In Grammar By Victoria

Interrogative pronouns in the English language

Another group of pronouns in English are interrogative pronouns (interrogative pronouns). They are also a bit like pointing. For the interrogative pronoun in the English language are the following words: who (who), what (that which, as well as the value of the «who» when we talk about the profession or position a person), whose (whose), which (who). Question pronoun in the English language we need for special education issues. Each of these has its own nuances pronouns use, so analyze them in order.


How to use the interrogative pronoun in the English language?

The first in line pronoun who. This pronoun is used against individuals. This pronoun, there are two case forms: nominative — just who, objective case whom. The form of the pronoun in the objective case is rarely used, mainly in the official book, and styles of speech. In colloquial speech, use the who. What functions in a bid to comply with this interrogative pronoun in the English language? It may be:

  • Subject. Note that in this case the verb-predicate, who will be accompanying in the form of the third person singular.

    Who knows the answer to this question? — Who knows the answer to this question?

    Who broke the window? — Who broke the window?

  • Nominal part of the predicate. Now we’ll align the verb in person and number with the subject.

    Who are those strange women? — Who are those strange women?

    Who is your husband? — Who is your husband?

  • Direct and indirect prepositional complement. Note that the preposition that accompanies these interrogative pronouns in English is usually put at the end of sentences.

    Who (whom) did you invite to the party? — Who do you invite to the party?

    Who (whom) did you show this book to? — Who showed you this book?

    Who (whom) are you waiting for here? — Who are you waiting for?

    Who (whom) are you going to spend the holidays with? — With whom you spend the holidays?

Next, let’s talk about the interrogative pronoun what. This pronoun is used to refer to inanimate objects. Its function in the same sentence, such as who pronouns. That is, in a sentence what the pronoun in the sentence can be:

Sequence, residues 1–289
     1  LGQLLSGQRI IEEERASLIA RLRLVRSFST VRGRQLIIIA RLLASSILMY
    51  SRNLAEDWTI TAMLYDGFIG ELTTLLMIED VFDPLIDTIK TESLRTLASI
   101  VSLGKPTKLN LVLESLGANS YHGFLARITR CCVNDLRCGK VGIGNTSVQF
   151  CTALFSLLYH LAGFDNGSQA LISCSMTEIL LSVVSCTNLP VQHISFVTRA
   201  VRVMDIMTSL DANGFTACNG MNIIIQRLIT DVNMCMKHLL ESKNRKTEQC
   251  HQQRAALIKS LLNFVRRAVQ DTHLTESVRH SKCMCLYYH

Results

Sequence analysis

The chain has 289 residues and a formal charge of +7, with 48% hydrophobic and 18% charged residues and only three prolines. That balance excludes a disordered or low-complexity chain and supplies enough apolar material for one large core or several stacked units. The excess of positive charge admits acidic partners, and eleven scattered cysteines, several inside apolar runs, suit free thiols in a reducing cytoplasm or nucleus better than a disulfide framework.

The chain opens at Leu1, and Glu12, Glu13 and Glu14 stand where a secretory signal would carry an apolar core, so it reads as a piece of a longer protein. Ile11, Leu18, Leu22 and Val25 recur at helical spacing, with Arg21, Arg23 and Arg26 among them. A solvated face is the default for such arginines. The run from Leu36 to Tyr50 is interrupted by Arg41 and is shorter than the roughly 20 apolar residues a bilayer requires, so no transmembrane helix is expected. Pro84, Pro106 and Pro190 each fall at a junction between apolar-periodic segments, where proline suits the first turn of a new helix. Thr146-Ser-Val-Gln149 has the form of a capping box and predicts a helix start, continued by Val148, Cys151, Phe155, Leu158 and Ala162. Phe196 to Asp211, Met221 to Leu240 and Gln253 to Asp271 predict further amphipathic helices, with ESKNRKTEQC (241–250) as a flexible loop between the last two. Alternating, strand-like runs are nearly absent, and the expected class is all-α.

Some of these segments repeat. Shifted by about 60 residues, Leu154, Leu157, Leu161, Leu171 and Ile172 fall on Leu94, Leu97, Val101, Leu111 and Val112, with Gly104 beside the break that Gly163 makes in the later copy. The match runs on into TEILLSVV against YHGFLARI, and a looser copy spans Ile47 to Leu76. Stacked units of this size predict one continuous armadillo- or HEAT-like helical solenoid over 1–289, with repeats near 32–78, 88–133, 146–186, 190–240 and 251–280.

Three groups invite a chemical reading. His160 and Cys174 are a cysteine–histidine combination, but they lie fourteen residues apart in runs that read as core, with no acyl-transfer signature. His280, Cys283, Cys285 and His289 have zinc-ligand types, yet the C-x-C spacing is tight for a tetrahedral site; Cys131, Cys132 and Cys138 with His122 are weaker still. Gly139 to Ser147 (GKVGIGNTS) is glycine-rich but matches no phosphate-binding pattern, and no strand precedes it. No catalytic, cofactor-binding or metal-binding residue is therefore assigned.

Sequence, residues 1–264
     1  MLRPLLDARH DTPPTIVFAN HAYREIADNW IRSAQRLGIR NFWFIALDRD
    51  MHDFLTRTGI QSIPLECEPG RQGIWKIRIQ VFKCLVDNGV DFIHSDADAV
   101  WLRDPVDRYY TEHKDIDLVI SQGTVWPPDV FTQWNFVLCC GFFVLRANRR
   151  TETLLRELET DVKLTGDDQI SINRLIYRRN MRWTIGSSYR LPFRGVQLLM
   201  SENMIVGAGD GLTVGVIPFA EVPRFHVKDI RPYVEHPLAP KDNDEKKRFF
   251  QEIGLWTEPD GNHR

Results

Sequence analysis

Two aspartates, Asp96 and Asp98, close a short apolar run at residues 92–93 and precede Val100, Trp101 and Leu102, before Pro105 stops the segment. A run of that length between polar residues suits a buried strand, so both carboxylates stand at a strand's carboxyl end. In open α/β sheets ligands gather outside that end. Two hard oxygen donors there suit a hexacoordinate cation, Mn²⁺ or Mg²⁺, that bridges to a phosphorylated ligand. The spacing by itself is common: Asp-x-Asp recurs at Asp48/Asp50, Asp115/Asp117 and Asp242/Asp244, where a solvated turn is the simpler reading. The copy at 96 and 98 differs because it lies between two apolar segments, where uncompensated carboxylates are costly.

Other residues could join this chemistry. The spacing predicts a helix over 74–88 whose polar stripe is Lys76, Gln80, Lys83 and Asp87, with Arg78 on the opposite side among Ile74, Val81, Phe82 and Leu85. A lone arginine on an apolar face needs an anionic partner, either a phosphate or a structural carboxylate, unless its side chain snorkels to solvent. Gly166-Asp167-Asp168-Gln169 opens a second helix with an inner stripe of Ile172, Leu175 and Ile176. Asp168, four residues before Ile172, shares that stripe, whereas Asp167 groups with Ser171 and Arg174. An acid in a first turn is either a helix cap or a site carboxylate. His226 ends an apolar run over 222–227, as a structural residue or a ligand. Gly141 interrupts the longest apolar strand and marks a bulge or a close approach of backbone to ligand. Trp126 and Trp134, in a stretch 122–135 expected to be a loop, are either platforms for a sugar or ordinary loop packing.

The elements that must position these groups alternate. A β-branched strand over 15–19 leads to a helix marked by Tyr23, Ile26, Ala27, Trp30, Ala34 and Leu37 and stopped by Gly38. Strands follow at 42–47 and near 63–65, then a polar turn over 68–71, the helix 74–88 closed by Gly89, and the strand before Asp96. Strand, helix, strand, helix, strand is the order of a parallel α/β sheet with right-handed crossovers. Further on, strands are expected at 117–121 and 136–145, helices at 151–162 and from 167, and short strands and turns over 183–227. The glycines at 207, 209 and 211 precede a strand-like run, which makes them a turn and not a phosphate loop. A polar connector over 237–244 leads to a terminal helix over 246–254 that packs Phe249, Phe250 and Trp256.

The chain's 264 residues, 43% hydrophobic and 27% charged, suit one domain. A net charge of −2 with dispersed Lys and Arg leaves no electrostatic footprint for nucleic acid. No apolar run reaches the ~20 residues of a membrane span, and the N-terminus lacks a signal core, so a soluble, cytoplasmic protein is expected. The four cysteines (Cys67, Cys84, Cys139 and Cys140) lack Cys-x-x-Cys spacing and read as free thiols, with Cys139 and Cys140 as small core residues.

• Subject. The verb-predicate in this case is also used in the form of the third person singular.

    What was written in this article? — What was written in this article?

    What is it? — What is it?

  • Nominal part of the predicate. The verb-copula agrees in person and number with the subject.

    What is the cost of this yellow bag? — How much is this yellow bag?

    What are the results of this competition? — What are the results of the competition?

  • The direct and indirect prepositional complement. The pretext related to this interrogative pronouns are usually always at the end.

    What did you choose? — What did you choose?

    What have you lost? — What have you lost?

    What were you talking about? — What were you talking about?

Interrogative pronouns what can be used against individuals if we are to learn a profession or employment rights. For example:

What is he? — Who is he? He is a builder. He is a builder.

However, this caveat does not apply to questions aimed at finding out the name, surname, family relations. In this case, we use the pronoun who.

This interrogative pronoun in the English language as whose, in a bid to play a function definition and is defined before they noun.

Whose document have you brought? — Whose document you brought?

Whose bag is it? — Whose bag is this?

Interrogative pronouns which can be applied to both animate and inanimate objects. It implies a choice of a limited number of persons or things:

Which dish did you like? — What dish did you like? (there were several)

Which language would you like to learn? — Which language would you like to study? (for example, a variety of courses including languages ​​5-6)

Which of you will participate in this ceremony? — How many of you will participate in the ceremony? (And you are only 10)

And do not forget about set phrases:

  • what kind of? — What, what kind of:

    What kind of literature do you prefer? — What kind of books do you prefer?

  • what about …? — How about that …?

    What about going out tonight? — How about we go somewhere today?

  • what if …? — What if …?

    What if she does not believe us? — What if she does not believe us?

This topic is closely related to the other as described in the articles that need to pay attention:

  • «Demonstrative pronouns in the English language»
  • «The relative pronoun in the English language»

After reading them, we recommend to pass the following test: «Test # 2 on the use of pronouns in the English language.»

 

Grammar

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